These are appalling people. The nearest any of them comes to displaying a redeeming feature is the scene where Bully #2 doesn't want to participate in a gang rape. (He does in the end, though. Peer pressure, dang it.) If you can't stomach unlikeable protagonists, run from this film as if it's radioactive.
However at the same time, Nakajima takes you to a place where their behaviour almost seems like the rational response to the world. He understands where they're coming from. Bully #1's mother is shocked to learn that he's not playing truant and is trying hard to make him face reality, but it's as if her words are building a wall between the two of them. "You're nothing special. You're second rate. If you don't choose an ordinary life, you'll end up a loser." Hilariously, she asks him if he's being bullied at school. Their schoolteacher too isn't saying anything you too wouldn't want to say to these boys, but he's the kind of person who'll push into the toilets and grab your face to make you say what he wants you to say. "Go on, say it. I'm weak. I'm worthless."
Note for instance that these teenagers aren't hedonists. They don't take drugs, which would probably be unthinkable in a version of this film from almost any other filmmaker. They don't have casual sex. (Well, not consensual, anyway.) They don't smoke and they don't even really drink. Nakajima is allowing us no cheap excuses for their behaviour. They're destroying themselves while sober, with their eyes open. All the usual lectures to "think about your future", etc... they hardly think of anything else! That's why they're doing all this! This film debates it obsessively, with every single character providing another angle on the central question of the meaning of your life when you've stepped off the edge.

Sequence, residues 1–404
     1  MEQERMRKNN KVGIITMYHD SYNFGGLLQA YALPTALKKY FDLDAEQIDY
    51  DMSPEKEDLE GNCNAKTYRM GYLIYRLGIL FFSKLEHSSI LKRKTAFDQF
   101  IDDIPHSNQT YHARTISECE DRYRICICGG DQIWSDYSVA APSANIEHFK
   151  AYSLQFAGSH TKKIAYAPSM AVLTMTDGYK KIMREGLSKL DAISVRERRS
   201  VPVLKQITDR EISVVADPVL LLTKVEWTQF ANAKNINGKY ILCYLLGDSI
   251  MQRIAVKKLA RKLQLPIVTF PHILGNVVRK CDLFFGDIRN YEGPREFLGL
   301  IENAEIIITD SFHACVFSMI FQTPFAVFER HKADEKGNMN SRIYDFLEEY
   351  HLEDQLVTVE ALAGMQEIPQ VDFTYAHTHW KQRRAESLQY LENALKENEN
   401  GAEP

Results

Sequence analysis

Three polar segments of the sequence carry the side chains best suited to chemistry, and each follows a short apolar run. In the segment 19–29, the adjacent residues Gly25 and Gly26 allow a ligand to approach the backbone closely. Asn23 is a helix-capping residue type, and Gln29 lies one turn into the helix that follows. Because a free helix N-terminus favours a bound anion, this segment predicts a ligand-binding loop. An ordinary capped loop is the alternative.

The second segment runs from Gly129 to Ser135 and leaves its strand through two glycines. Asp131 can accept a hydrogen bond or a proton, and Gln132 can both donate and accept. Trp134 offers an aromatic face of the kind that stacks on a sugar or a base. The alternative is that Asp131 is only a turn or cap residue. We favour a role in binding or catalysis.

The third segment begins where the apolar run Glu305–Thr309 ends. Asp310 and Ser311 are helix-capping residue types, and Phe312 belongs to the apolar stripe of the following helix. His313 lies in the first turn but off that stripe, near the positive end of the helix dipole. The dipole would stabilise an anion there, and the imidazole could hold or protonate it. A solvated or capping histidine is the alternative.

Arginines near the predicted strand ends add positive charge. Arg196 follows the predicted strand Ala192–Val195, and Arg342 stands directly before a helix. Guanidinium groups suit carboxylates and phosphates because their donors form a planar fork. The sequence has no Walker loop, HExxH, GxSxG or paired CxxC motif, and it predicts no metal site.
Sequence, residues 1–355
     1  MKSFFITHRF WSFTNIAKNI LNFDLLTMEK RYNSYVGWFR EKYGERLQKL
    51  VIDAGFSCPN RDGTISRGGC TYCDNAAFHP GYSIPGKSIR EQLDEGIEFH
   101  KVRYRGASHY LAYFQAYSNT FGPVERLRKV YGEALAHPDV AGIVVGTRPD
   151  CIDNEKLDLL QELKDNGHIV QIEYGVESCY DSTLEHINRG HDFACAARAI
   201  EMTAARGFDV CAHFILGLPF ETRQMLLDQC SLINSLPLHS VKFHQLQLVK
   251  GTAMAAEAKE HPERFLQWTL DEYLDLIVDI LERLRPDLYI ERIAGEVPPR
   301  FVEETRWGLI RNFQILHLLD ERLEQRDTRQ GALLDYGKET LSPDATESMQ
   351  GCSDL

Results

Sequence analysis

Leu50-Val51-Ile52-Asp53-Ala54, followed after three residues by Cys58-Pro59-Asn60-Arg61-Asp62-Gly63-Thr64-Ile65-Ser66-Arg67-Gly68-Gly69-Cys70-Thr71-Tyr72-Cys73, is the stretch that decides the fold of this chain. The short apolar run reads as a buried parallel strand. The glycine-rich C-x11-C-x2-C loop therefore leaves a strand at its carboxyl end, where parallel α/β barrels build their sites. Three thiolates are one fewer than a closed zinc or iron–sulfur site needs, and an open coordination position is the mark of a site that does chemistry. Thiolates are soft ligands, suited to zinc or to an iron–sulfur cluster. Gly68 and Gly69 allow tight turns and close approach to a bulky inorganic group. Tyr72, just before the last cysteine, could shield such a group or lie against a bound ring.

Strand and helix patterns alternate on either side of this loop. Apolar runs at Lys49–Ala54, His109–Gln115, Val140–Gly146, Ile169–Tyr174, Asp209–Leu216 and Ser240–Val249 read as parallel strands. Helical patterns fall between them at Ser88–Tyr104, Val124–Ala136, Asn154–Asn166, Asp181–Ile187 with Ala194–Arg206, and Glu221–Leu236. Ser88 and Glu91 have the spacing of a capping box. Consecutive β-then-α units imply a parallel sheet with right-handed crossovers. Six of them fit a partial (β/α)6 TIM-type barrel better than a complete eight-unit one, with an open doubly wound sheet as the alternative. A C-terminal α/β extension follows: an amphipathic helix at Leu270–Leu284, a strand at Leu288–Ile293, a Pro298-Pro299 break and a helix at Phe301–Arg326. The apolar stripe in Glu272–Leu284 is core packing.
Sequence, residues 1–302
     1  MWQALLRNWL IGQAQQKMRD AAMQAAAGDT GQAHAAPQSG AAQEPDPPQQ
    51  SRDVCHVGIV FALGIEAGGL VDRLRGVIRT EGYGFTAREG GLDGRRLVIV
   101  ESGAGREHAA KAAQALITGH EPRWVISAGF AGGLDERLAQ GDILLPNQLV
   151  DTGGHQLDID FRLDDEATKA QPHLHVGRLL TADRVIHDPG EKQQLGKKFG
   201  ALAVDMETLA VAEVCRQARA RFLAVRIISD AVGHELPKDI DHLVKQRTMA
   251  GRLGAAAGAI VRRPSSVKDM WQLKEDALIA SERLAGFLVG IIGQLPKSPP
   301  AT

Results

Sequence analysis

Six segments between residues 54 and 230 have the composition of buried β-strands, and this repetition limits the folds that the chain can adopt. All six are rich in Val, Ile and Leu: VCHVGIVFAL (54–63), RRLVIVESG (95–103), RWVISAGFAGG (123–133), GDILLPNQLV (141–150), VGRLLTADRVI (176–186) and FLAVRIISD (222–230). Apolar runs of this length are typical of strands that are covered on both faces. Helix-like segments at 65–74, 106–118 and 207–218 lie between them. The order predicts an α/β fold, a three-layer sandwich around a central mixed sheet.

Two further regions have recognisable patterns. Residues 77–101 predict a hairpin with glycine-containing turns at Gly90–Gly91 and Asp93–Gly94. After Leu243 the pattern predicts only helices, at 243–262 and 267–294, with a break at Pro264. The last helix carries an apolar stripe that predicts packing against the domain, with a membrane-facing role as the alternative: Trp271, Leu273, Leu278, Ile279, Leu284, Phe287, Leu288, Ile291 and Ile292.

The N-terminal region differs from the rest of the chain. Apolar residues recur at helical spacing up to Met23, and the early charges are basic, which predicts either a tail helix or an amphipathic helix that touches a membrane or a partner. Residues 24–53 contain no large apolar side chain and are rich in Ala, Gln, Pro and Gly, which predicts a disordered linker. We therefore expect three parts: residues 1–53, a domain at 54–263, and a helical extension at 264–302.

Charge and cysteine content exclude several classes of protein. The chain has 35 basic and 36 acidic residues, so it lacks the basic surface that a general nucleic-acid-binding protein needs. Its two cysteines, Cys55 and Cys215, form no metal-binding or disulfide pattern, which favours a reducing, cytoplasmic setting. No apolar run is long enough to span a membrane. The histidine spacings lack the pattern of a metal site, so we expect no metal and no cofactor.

It's no anarchist screed, either. Nakajima knows that the ordinary life so despised by Bully #2 means working hard to support your family and bring up your children. Characters say so, forcefully. Our anti-heroes are aware of this, too.
Stylistically, it's raw. It's done with handheld cameras, often lurching around, and near-monochrome footage with no attempt to control light levels. This bleached, desert-like colour palette is the visual equivalent of what Nakajima's saying in the script. As for the actors, most of whom never acted in anything else, they don't seem to be acting. (That's a compliment.) There are several scenes that I was convinced were just Nakajima sneaking into a party and capturing real life.
He also uses lots of classical music.
It begins with footage from 9-11. It's a portrait of misery, but oddly it's not depressing. It's got too much anger for that. Other interesting things include the way that the film quickly loses interest in victims, yet is very clear that consequences will flow from any action. People don't get off scot free. Some of the offenders in this film are shocked to get into trouble for what they did (e.g. trying to tell A WOMAN that she was an accomplice in the rape), but what these self-destructive people are doing to their own futures is what the film is all about.
Nakajima has directed two more films to date (neither written by him), one of which sounds like formulaic pap and the other one is about giving children a detonator that will kill them and waiting to see how long it takes for them to commit suicide. It's called When I Kill Myself, but even so I'm sure Nakajima will never make anything else like this. It won three awards at the Pia Film Festival in Japan. It's shouting in a voice that always gets ignored. It's special.